Whilst cockpit ergonomics seemed to have changed little, particularly with reference to the overhead panel, the accuracy of the GPS navigation system is a significant improvement for those up the sharp end. Constantly updated, there is no tendency for the map display to ‘drift’. The outside world is reflected with precision on the cockpit presentation, which assists greatly in visual manoeuvres such as circling off the bottom of an approach. This was not the case with the older IRS driven maps.

 

 

                       

                                              Looking through the 'Head Up Display' (HUD) of the Boeing 737-800 (S.Ruttley)

 

The longer fuselage of the -800 offers a potentially limiting geometry on take-off, making a ‘tail strike’ a real possibility if the rotation is too fast. Landing the newer variant is also notably different aside from the longer landing distance that is required. With the shorter winged ‘Classic’, a few knots above reference speed in the flare did not seem to alter the touchdown point significantly. Once its mind is made up to land, the spot is fairly fixed. However, the carriage of excess speed, or flaring too early in the NG can result in the wastage of significant amounts of precious runway. The enhanced wing of the NG means that the aircraft wants to keep flying and will happily float as it slowly decelerates in ground effect. For pilots flying the dual variants it is always worth self briefing this point on approach when hopping from type to type.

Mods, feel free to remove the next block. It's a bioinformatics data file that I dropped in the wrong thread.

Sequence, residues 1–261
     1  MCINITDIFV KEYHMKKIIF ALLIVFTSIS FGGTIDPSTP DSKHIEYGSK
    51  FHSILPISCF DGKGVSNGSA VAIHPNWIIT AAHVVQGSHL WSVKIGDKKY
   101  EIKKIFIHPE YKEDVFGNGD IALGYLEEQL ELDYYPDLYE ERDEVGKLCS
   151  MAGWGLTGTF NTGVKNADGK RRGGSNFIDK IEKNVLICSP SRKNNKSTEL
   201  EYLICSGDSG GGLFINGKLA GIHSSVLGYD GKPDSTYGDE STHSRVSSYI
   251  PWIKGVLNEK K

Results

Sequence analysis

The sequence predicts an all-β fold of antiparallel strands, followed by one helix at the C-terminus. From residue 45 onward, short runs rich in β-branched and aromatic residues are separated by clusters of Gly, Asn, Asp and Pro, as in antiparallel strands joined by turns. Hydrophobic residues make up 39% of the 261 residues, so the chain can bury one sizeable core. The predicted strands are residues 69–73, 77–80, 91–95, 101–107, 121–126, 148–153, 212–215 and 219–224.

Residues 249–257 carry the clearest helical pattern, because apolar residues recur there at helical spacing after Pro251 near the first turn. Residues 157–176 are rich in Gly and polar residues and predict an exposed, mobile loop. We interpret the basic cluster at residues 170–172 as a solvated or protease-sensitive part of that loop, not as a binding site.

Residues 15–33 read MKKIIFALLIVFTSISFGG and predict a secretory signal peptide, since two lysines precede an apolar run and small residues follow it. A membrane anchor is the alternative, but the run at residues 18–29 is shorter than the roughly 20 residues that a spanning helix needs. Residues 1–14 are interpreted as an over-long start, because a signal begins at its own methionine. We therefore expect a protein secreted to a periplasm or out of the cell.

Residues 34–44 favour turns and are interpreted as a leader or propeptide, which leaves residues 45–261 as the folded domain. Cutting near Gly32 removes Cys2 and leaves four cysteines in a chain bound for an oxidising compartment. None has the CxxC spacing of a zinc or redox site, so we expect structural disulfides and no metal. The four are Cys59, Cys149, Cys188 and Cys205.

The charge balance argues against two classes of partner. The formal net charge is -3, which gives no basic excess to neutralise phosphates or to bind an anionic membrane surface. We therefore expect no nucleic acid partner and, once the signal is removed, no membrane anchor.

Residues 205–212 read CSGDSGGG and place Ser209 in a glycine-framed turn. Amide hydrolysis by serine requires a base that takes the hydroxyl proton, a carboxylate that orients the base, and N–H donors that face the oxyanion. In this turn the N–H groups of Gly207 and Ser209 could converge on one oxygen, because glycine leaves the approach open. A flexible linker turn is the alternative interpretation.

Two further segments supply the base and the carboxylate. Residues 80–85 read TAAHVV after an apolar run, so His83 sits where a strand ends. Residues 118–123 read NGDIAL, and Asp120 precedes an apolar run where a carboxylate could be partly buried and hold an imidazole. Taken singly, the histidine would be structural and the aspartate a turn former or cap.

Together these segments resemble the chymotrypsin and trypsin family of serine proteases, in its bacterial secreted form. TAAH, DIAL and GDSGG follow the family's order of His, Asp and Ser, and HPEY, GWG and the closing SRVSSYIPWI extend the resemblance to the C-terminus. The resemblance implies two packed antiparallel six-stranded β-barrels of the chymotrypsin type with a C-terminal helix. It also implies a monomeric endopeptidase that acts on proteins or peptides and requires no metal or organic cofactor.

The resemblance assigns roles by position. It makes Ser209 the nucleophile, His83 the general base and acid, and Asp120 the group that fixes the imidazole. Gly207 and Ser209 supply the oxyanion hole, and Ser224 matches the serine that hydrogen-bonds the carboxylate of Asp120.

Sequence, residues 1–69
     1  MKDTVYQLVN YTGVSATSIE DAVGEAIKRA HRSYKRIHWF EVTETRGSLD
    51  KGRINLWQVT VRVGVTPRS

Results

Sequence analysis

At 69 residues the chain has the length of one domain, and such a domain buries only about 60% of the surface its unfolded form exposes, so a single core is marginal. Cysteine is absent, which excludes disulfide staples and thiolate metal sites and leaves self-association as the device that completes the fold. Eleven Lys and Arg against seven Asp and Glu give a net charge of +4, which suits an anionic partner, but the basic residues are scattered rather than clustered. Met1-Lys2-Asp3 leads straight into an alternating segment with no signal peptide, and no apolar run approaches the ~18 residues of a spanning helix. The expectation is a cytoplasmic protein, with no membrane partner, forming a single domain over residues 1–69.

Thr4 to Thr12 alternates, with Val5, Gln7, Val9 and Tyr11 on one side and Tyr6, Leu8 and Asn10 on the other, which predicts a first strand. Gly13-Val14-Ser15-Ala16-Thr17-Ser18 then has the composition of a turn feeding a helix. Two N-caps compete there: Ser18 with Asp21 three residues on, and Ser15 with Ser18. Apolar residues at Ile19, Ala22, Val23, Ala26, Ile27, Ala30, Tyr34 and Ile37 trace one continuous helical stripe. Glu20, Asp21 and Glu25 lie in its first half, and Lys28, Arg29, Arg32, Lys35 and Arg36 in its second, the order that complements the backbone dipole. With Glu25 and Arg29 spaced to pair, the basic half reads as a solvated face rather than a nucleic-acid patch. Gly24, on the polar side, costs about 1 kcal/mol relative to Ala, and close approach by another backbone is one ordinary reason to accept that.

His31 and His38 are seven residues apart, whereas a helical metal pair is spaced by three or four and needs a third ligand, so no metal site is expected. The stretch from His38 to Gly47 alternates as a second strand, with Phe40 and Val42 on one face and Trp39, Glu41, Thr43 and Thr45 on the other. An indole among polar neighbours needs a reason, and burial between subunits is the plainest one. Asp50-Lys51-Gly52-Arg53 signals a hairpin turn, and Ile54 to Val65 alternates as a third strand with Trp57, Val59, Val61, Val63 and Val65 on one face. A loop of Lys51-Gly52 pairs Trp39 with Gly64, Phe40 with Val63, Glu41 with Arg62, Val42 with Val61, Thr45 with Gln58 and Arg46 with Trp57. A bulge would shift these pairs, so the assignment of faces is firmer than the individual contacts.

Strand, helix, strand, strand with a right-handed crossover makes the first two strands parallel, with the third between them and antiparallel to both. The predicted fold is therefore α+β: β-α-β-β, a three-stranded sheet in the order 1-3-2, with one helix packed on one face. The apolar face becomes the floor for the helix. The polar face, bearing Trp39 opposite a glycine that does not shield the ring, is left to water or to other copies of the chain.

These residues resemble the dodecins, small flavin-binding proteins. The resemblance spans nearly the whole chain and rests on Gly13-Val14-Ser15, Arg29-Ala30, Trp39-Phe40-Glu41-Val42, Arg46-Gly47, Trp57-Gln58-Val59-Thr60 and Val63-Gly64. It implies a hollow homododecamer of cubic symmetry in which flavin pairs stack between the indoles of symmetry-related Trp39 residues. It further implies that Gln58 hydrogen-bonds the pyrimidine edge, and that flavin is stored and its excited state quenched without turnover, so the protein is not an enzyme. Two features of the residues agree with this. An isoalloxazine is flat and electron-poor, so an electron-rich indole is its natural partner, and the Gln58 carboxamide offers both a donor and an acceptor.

Walking around the NG, there seems to be only subtle visible changes to the 737 beyond the prominent winglets. It is longer, wider and with a higher fin than the Classic, but unless it is side by side with its ‘parent’ these differences are all matters of scale. However, the aircraft does sit higher than its Classic forerunner and consequently allows greater clearance for the CFM56-7 engines that are slung beneath the wings. The trademark flat-bottomed cowlings of the ‘dash 3’ CFMs are not quite so flat and lean towards more conventional round cowlings. Additionally, since January 2005, Boeing has been rolling out the 737NG without the now familiar ‘eyebrow’ windows above the crew’s main windows.

 

The Next Generation?